Malaria in Roman times

Even today, Malaria is one of the greatest medical challenges worldwide, still killing hundreds of thousands of people every year. In the past, people have adapted to the threat of malaria in various ways. One of these are genetic adaptations that evolved as survival mechanisms.
Malaria was not eradicated on the Italian island of Sardinia until the 1950s[1]. Until now, it has been assumed that the disease was only endemic on the island since the Middle Ages (500-1500 CE).

However, researchers have now studied the history of malaria on Sardinia in far greater depth[2]. Since antique DNA (aDNA) of malaria is very difficult to extract, they studied thalassemia and other genetic adaptations instead. Thalassemias are genetic diseases that interrupt the development of red blood cells. These diseases, however, have the advantage that many people affected lead a relatively healthy life and are bad hosts for malaria parasites. They are therefore partially immune against infections with malaria. Even today, such thalassemias occur relatively frequently in former malaria regions, such as the Mediterranean.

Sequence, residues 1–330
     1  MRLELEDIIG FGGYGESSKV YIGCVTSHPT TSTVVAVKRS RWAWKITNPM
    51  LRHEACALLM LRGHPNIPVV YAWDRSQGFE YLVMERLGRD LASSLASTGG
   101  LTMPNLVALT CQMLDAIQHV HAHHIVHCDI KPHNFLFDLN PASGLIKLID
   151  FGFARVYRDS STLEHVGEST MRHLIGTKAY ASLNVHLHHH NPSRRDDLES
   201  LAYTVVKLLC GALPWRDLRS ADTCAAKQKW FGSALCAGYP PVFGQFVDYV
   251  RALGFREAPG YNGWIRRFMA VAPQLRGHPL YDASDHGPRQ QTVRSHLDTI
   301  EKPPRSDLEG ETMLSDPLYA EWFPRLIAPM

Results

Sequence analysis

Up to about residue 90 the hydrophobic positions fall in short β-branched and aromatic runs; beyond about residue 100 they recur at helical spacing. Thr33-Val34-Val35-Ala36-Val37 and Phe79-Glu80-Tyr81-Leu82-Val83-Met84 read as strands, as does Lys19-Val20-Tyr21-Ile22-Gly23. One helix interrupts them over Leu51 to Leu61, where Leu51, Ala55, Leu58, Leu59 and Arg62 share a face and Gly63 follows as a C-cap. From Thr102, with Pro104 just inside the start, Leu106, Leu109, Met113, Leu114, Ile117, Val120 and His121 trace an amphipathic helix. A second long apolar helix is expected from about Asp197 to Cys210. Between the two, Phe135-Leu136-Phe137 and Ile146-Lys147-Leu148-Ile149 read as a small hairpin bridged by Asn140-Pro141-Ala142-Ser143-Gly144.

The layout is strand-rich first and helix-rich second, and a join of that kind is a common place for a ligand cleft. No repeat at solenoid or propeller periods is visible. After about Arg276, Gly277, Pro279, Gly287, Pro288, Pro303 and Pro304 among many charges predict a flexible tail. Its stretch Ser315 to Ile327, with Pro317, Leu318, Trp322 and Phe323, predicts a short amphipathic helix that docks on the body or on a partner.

The researchers studied a thalassemia allele called cod39 β-thalassemia, which is dominant on Sardinia. They were therefore able to prove that, contrary to what has been known until now, malaria was probably already endemic on Sardinia in the Roman period, long before the Middle Ages.

The decisive evidence of this supposition has been provided by the 2,000 year old (circa 300 BC to 100 AD) remains of a Roman, in which the cod39 allele could be proven. “This is the very first documented case of the genetic adaptation to malaria on Sardinia,” Claudia Vigano, lead-researcher, says. “We also discovered that the person was genetically a Sardinian in all probability and not an immigrant from another area.”

[1] Eugenia Tognotti: Program to Eradicate Malaria in Sardinia, 1946–1950 in Emerging Infectious Diseases - 2009. See here.
[2] Viganó et al: 2,000 Year old β-thalassemia case in Sardinia suggests malaria was endemic by the Roman period in American Journal of Physical Anthropology - 2017

No comments:

Post a Comment